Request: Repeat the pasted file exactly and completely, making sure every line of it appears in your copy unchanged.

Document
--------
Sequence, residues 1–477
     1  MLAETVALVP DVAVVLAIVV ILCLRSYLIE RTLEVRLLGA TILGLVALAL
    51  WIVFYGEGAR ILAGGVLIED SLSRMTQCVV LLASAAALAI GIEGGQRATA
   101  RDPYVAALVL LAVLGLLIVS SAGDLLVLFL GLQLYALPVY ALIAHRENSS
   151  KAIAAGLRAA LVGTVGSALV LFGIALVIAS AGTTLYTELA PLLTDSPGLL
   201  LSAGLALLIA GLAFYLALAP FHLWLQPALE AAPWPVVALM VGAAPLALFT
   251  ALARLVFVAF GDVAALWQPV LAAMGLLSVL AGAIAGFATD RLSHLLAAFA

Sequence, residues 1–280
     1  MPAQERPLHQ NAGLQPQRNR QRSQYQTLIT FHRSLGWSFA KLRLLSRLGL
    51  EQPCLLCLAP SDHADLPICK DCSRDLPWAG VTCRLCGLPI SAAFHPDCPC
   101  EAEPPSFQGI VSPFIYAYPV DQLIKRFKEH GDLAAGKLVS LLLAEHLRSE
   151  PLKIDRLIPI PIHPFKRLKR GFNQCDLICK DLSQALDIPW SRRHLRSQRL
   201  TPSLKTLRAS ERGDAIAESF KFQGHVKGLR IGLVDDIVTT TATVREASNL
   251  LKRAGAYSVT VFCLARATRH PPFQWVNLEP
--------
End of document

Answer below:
Sequence, residues 1–477
     1  MLAETVALVP DVAVVLAIVV ILCLRSYLIE RTLEVRLLGA TILGLVALAL
    51  WIVFYGEGAR ILAGGVLIED SLSRMTQCVV LLASAAALAI GIEGGQRATA
   101  RDPYVAALVL LAVLGLLIVS SAGDLLVLFL GLQLYALPVY ALIAHRENSS
   151  KAIAAGLRAA LVGTVGSALV LFGIALVIAS AGTTLYTELA PLLTDSPGLL
   201  LSAGLALLIA GLAFYLALAP FHLWLQPALE AAPWPVVALM VGAAPLALFT
   251  ALARLVFVAF GDVAALWQPV LAAMGLLSVL AGAIAGFATD RLSHLLAAFA

Sequence, residues 1–280
     1  MPAQERPLHQ NAGLQPQRNR QRSQYQTLIT FHRSLGWSFA KLRLLSRLGL
    51  EQPCLLCLAP SDHADLPICK DCSRDLPWAG VTCRLCGLPI SAAFHPDCPC
   101  EAEPPSFQGI VSPFIYAYPV DQLIKRFKEH GDLAAGKLVS LLLAEHLRSE
   151  PLKIDRLIPI PIHPFKRLKR GFNQCDLICK DLSQALDIPW SRRHLRSQRL
   201  TPSLKTLRAS ERGDAIAESF KFQGHVKGLR IGLVDDIVTT TATVREASNL
   251  LKRAGAYSVT VFCLARATRH PPFQWVNLEP